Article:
PHOENIX — Gov. Doug Ducey wants to boost the taxes paid by Arizonans by $180 million —or more — when they file their tax returns this spring.
But he insists it’s not a tax hike.
Instead, it’s part of the governor’s plan to conform Arizona’s tax code to changes enacted in federal law.
Those changes took effect last year. They are reflected in the new federal income tax forms that people across the country will be filling out between now and April 15.
Conforming to those changes, including what’s deductible, makes it easier for Arizonans to prepare their own taxes so they don’t have to make additional calculations.
And that extra cash? Ducey proposes to add it to the state’s “rainy day fund,” a special savings account for emergencies and for lawmakers to tap when there is a sudden unexpected drop in revenues.
That account now stands at about $460 million, less than 5 percent of the state general fund budget.
“It’s an elegant solution,” gubernatorial press aide Patrick Ptak said of funneling the new tax revenues into the state’s bank account.
“That’s a poor choice of words,” responded House Speaker J.D. Mesnard, a Chandler Republican.
“It’s anything but that,” Mesnard said. “It’s a tax increase and the largest one in modern history.”
Mesnard points out that Ducey’s plan would increase the taxes Arizonans owe, as they no longer could take some tax deductions they have been using for years. And fewer deductions, quite simply, means a more expensive bottom line for many.
That, said Mesnard, is an unfair “windfall” for the state at the expense of its residents.
While Mesnard won’t be speaker this coming legislative session, he will still have an important voice in whether the governor gets his way. He will be chairing the Senate Finance Committee, through which all tax bills, including Ducey’s proposal, are supposed to pass.
Under current Arizona law, taxpayers use the federal definition of “income” as the starting point for state tax forms. That’s the figure on line 37 of the federal Form 1040.
And in most cases, the deductions allowed under state law mirror those permitted under federal law.
But the measure approved by Congress earlier this year allows fewer deductions and subtractions.
For example, the new federal law caps deductions for state and local taxes paid at $10,000. If Arizona conforms, the state Department of Revenue figures that change alone will boost taxes paid by residents here by $77 million.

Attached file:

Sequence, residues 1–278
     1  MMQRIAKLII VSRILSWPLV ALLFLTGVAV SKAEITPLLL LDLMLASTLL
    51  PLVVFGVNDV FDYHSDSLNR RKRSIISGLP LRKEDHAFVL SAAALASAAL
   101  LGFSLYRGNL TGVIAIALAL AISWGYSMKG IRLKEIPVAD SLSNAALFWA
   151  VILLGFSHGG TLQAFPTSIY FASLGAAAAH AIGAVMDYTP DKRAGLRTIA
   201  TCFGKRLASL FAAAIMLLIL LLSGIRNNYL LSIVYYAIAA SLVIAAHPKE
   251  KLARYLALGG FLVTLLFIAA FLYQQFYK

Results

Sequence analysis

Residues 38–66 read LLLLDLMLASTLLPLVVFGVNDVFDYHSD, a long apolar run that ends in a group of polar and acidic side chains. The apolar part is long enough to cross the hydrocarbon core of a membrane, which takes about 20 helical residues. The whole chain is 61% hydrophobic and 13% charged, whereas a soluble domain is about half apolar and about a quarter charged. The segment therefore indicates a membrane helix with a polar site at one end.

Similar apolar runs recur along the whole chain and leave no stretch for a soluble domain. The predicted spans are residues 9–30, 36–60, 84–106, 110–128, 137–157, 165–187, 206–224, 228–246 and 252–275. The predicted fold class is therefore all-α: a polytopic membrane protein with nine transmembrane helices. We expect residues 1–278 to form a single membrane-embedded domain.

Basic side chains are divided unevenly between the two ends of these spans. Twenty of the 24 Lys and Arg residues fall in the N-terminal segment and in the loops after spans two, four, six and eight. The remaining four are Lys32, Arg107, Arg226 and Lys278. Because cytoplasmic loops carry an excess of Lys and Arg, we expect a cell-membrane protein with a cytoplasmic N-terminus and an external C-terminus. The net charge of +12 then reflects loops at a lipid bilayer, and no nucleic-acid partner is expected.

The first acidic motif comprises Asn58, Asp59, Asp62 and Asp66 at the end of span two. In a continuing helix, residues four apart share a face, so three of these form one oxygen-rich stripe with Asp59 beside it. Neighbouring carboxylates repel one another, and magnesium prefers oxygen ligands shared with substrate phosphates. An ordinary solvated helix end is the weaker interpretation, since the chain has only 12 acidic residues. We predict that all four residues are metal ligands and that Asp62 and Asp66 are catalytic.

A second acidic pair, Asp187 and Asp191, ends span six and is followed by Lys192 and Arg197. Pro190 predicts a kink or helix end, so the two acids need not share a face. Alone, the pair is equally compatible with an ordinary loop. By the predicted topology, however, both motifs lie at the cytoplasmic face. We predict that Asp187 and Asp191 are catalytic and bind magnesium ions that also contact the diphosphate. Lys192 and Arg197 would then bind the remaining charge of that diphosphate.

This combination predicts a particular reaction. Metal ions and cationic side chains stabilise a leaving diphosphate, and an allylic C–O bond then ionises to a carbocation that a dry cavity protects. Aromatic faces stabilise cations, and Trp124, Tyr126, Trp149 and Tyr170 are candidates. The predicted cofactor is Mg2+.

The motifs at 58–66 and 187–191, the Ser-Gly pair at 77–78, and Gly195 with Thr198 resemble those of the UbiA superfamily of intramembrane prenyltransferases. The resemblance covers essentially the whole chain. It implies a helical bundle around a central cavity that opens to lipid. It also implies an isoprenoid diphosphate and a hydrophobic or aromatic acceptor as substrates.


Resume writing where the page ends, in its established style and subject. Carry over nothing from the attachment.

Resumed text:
The federal law also modifies mortgage interest and home equity deductions, a maneuver that if Arizona follows suit means $50 million more paid by state taxpayers.
And there are issues with smaller effects overall — but potentially big dollars for the taxpayers involved.
One of those is that federal law no longer allows taxpayers to subtract from their income their out-of-pocket expenses for moving to take a new job. The Arizona Department of Revenue estimates affected taxpayers will pay a total of $2.8 million more.
But to prevent a hit to taxpayers, Congress and the president did something that is not in Ducey’s plan: Offset the reduced deductions.
First, the federal law reduced tax rates overall.
Second, it increased the standard deduction for individuals from $6,350 to $12,000, and double that for couples filing jointly. That makes the loss of federal deductions less painful as more taxpayers will find it unnecessary to itemize.
“Undermining windfall for taxpayers”
But Ducey would leave Arizona income tax rates where they are now, ranging from 2.59 to 4.54 percent depending on income.
And the governor has no plans to increase the state standard deduction for individuals, leaving it at about $5,200. So taxpayers would end up with fewer deductions they can itemize, and no chance to make up the difference with an increased state standard deduction.
The bottom line is that Ducey’s conformity plan would cost taxpayers anywhere from $180 million to $200 million.
“The feds did not pass this as a windfall to state governments,” Mesnard said. “They passed this to be a windfall for taxpayers and we’re undermining that.”
Mesnard said Arizona lawmakers should consider doing what the feds did to keep taxes from going up here, including decreasing tax rates, adjusting the tax brackets and increasing the state standard deduction.
He also charged that Ducey purposely waited until the last minute — right before state tax forms are set to be printed and mailed out — to corral lawmakers into approving his plan.